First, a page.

Robocalypse Alert: Defense Contract Awarded to Scary BigDog


You remember BigDog, don't you? It's that loud all-terrain prototype robot quadruped that peopled your dreams with Terminator-esque nightmares when you saw the video. DARPA just awarded a $32 million contract to build it.

The contract's been won by maker Boston Dynamics, which has just 30 months to turn the research prototype machines into a genuine load-toting, four-legged, semi-intelligent war robot—"first walk-out" of the newly-designated LS3 is scheduled in 2012.

LS3 stands for Legged Squad Support System, and that pretty much sums up what the device is all about: It's a semi-autonomous assistant designed to follow soldiers and Marines across the battlefield, carrying up to 400 pounds of gear and enough fuel to keep it going for 24 hours over a march of 20 miles.

To remind you of the tech we're talking about, here's BigDog in a disarmingly "cute" promo video, kicking it on a beach in Thailand:

LS3 is a direct descendant of BigDog, and it'll be battle-hardened and clever enough to use GPS and machine vision to either yomp along behind a pack of troops, or navigate its own way to a pre-programmed assembly point. Yup, that's right, LS3 is smart enough to trot off over the horizon all on its lonesome. That opens up all sorts of amazing military possibilities, like resupply of materiel to troops who are deployed in difficult remote locations, as well as the standard "If LS3 can offload 50 pounds from the back of each soldier in a squad, it will reduce warfighter injuries and fatigue and increase the combat effectiveness of our troops" as described by BD's president Marc Raibert.

And its clear that these, and other, potential benefits have been proven to DARPA enough that it's prepared to fund what seems to be an extremely future-focused piece of military hardware. But LS3, of course, stands for much more than its simple "squad support" label would suggest. It's placing artificially-intelligent robots right next to soldiers on the battle field, which is a natural extension of the way robots are currently used in combat—essentially as smart remote control units for situations too dangerous for a human to risk. And in that sense, LS3 is a significant piece of kit. Because it won't be too long before someone considers the benefits of replacing its 400-pound load with a heavy gun, and LS32 becomes an AI-equipped armed battlefield robot. More terminator-dog than K9, you see.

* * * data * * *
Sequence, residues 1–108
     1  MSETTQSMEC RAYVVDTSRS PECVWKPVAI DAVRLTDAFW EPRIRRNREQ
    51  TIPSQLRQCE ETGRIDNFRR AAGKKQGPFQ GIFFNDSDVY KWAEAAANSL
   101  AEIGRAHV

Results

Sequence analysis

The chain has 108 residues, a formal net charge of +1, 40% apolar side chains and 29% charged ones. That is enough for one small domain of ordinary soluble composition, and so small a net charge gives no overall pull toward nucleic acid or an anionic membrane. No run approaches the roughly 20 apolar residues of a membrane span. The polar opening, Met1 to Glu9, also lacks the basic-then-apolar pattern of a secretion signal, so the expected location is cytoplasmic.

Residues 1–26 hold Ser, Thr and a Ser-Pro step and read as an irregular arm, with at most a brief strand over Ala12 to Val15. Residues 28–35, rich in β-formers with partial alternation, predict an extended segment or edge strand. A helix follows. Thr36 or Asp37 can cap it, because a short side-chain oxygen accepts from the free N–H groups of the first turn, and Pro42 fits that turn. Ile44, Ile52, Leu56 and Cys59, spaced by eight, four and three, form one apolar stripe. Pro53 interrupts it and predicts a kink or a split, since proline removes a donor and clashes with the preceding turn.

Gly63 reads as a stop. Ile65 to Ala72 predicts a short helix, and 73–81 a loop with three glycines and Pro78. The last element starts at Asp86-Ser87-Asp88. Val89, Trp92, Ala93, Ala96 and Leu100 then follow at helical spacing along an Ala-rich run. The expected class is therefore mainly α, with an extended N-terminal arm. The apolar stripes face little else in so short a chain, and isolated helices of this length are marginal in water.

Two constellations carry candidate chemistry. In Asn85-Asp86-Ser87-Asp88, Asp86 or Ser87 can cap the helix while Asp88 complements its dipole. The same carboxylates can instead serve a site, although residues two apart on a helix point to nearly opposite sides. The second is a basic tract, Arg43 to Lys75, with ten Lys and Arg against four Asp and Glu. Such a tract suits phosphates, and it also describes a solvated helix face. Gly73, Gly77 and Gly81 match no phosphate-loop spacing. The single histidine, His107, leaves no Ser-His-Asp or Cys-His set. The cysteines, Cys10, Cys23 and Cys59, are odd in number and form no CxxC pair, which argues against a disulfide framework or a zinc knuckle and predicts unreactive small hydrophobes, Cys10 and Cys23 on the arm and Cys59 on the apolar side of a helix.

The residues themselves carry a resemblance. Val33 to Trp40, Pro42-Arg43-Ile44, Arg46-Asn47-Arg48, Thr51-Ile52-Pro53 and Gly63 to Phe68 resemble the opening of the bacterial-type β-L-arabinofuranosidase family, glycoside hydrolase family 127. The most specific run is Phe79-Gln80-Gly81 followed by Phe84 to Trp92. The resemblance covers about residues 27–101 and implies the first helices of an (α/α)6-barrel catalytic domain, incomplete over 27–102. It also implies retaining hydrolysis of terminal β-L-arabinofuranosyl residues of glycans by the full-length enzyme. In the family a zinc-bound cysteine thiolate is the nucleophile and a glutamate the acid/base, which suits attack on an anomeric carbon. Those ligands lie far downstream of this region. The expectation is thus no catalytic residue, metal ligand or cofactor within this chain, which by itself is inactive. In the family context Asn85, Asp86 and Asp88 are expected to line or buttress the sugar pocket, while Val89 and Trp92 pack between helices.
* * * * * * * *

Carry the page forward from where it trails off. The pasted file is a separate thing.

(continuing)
Here's BigDog auto-tracking a human, just to give you an extra robocalyptic chill:


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  • Gregory Ferenstein

    The military uses are obvious (and extraordinary!), but what about consumer uses?


  • Ethan Yang

    Very cool looking machine. One thing to keep in mind though is the noise it generates. If this were to serve as a combat or patrol robot then the noise it generates should be reduced. Otherwise the bad guys would've heard it from a far and be gone by time the robot gets within range. Anyone have similar thoughts?

  • John Boyd

    I saw another similar video with the machine is knocked really hard but regains its balance. Amazing technology. Could save a lot of lives. Instead of solders doing patrols (with mines, IEDs, etc.), have these things walking around. Also could be used in fires and other dangerous spots.

    Rumsfeld made some big mistakes, but one thing he seems to do well is push the pentagon harder in the direction of unmanned devices - drones, killed the Comanche copter for an unmanned, and these robots, also opened it up to public innovations (e.g., put a boat hull under vehicles to deflect blasts, strap an industrial leave blower on front to blow away debris hiding bombs, etc.)


  • Andrew Bell

    When this technology will become available to civilians we going to live in a different world. As it happened with the Internet.

    Andrew Bell,
    Obagi Marketing Director